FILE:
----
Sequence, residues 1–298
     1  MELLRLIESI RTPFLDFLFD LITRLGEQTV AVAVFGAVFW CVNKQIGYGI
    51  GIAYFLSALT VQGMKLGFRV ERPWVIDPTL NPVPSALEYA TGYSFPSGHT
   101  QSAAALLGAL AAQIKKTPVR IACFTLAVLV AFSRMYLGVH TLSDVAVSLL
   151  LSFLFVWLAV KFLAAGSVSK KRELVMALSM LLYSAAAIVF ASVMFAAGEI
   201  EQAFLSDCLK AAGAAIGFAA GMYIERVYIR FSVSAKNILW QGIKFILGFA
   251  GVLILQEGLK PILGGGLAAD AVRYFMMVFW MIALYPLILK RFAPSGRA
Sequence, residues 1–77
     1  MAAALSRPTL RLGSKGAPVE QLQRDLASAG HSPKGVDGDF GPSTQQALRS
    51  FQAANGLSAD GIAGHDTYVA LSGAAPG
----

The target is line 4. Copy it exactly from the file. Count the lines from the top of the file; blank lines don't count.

   101  QSAAALLGAL AAQIKKTPVR IACFTLAVLV AFSRMYLGVH TLSDVAVSLL